GST-Registered Company in Singapore: What is it?

By on Nov 12, 2014 in Informative Posts | 0 comments

Goods and Services Tax or GST is known to other countries as Value-Added Tax or VAT. This form of tax policy was put into effect in 1994, and therefore, it is relatively new in Singapore. This GST Act is inspired on UK legislation on VAT and GST law on GST.

How does it work?

Being GST registered company, you need to collect GST from your customers for the goods and services you provide and remit the tax collected to tax authority. As an example, the customer buys goods worth S$150, you have to invoice that customer S$160.50, which means S$150 for goods or services and additional 7% or S$10.5 is for GST. The 7% tax collected from the customers must be paid to the Singapore tax authorities every quarter through GST tax filing.

Since GST is a self-assessed tax, therefore, all businesses have to keep on evaluating their need to register. GST registration can be either compulsory registration or voluntary registration.

Compulsory Registration

There is a need to register for GST if :

  • Your company’s taxable supplies exceeds S$1 million for 12 months, which is known as “retrospective basis OR.”
  • You are presently earning and expecting taxable supplies to reach more than S$1 million for the next twelve months, which is known as “prospective basis.”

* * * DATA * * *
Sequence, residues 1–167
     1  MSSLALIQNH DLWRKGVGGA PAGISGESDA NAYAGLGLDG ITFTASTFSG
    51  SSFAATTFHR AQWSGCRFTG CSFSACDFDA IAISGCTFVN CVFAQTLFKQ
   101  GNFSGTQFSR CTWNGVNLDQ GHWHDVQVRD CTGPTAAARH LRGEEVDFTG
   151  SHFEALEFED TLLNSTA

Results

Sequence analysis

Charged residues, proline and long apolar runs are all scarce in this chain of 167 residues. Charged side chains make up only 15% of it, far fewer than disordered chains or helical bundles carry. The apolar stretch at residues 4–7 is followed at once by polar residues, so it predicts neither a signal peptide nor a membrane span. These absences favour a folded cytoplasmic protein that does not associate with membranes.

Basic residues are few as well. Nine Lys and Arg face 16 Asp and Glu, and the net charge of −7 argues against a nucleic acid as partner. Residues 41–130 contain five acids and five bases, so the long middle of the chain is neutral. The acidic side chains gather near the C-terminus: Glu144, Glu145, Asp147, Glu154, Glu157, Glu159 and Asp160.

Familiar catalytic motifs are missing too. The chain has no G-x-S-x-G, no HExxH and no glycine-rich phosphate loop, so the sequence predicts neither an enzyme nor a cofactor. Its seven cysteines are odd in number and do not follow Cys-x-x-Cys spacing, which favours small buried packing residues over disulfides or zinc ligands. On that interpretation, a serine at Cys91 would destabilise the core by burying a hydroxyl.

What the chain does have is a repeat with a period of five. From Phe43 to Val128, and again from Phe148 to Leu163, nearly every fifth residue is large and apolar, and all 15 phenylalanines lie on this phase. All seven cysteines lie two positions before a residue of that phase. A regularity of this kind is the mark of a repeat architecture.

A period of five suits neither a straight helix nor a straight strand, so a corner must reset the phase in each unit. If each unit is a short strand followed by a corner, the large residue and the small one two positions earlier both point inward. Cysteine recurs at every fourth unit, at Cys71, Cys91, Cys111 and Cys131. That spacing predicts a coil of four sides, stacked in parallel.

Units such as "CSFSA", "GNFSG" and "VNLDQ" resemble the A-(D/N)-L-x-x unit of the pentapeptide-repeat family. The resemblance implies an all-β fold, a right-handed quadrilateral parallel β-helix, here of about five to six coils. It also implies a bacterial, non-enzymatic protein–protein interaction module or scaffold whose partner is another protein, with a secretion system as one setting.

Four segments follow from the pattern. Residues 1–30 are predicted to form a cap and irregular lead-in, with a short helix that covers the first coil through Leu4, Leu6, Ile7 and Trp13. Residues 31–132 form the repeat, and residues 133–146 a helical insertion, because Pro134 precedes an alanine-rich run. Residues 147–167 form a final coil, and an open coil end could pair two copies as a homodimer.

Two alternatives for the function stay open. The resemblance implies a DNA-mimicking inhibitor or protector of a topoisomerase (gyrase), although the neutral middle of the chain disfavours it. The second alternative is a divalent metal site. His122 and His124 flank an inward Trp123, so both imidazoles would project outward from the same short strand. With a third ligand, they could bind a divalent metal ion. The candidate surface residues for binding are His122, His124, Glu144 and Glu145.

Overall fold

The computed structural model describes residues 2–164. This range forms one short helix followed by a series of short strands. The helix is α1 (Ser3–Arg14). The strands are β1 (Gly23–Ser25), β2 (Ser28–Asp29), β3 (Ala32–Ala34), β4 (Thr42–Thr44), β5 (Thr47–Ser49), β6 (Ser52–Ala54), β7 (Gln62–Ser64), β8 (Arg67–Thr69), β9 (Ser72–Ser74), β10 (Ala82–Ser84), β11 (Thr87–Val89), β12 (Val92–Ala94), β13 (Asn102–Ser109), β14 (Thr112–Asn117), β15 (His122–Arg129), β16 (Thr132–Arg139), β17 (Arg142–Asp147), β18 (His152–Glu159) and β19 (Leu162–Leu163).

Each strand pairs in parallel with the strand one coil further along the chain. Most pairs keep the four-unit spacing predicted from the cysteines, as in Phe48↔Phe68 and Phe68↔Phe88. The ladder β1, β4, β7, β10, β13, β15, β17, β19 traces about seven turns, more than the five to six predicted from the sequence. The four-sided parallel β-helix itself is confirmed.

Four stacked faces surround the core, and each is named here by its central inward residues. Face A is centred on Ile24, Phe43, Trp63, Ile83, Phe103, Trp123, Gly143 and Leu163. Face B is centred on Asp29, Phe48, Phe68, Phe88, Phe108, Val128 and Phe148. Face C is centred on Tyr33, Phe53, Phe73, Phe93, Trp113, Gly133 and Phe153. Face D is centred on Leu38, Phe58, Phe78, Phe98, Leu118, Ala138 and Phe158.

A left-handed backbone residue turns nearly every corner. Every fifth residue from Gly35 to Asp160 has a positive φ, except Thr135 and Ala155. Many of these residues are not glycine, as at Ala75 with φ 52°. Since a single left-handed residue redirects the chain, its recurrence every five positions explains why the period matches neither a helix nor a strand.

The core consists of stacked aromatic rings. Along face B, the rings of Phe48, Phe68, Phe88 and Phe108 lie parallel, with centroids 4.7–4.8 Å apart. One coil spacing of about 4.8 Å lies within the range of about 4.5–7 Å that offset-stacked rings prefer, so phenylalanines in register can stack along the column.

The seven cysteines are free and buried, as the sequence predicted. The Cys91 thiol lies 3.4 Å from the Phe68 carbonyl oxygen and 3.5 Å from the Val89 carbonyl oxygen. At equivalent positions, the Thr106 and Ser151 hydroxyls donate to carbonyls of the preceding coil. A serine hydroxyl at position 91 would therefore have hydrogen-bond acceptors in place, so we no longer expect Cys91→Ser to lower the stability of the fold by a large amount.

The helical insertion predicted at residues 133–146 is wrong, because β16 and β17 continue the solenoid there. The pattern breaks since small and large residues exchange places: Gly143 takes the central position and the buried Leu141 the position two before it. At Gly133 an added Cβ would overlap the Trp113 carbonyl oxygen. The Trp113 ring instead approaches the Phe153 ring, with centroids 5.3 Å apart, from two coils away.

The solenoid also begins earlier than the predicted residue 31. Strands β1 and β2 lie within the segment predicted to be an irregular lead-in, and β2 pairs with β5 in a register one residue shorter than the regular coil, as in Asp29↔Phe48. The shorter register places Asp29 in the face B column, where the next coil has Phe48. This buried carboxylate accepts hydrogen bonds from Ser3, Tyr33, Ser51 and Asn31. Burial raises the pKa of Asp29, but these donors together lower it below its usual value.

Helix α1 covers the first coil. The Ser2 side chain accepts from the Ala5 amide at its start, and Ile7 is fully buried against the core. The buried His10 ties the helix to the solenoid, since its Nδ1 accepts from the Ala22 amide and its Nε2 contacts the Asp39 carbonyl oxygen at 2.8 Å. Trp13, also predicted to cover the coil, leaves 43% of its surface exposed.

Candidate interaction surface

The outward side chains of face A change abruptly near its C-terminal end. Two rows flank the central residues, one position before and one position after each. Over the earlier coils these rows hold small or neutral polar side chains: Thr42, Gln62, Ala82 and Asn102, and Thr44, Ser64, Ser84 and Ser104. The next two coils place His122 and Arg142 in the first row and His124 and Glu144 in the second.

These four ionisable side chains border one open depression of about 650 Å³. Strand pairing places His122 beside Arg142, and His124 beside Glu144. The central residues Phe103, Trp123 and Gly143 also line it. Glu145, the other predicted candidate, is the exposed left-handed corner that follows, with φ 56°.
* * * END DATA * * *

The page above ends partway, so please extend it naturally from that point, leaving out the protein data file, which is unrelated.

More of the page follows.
If you fail to register your business for GST, you will be sanctioned to certain penalties. Anti-avoidance schemes have been established by the government to make sure that this is strictly adhered to.

Voluntary Registration

You may apply to register for GST on a voluntary basis if

  • Your yearly income does not exceed S$1 million, or
  • You are exporting goods outside of Singapore (zero-rate supplies), or
  • You are providing services outside Singapore which met the definition of an international services.

If you are registered on voluntary basis, you have to remain registered for about two years and keep all your records for five years, even when you have ended your registration to GST. You are also required to adhere to other conditions that may be imposed by IRAS.

Exemption from GST Registration

If you are making exempt supplies, you may apply for exemption from GST registration, even if your revenue reach the threshold of S$1 million. This will allow you to avoid any administrative accountabilities from GST registration. Generally IRAS approves requests for exemption if your total exempt supplies exceed 90% of total and input tax is higher than output tax.


You may terminate or cancel your GST registration if your company stops operating or your business is bought as a whole to another individual or entity, or if your sales revenue does not reach more than S$1 million. You have to submit the appropriate form including pertinent documents to IRAS within thirty days from the official date of cessation.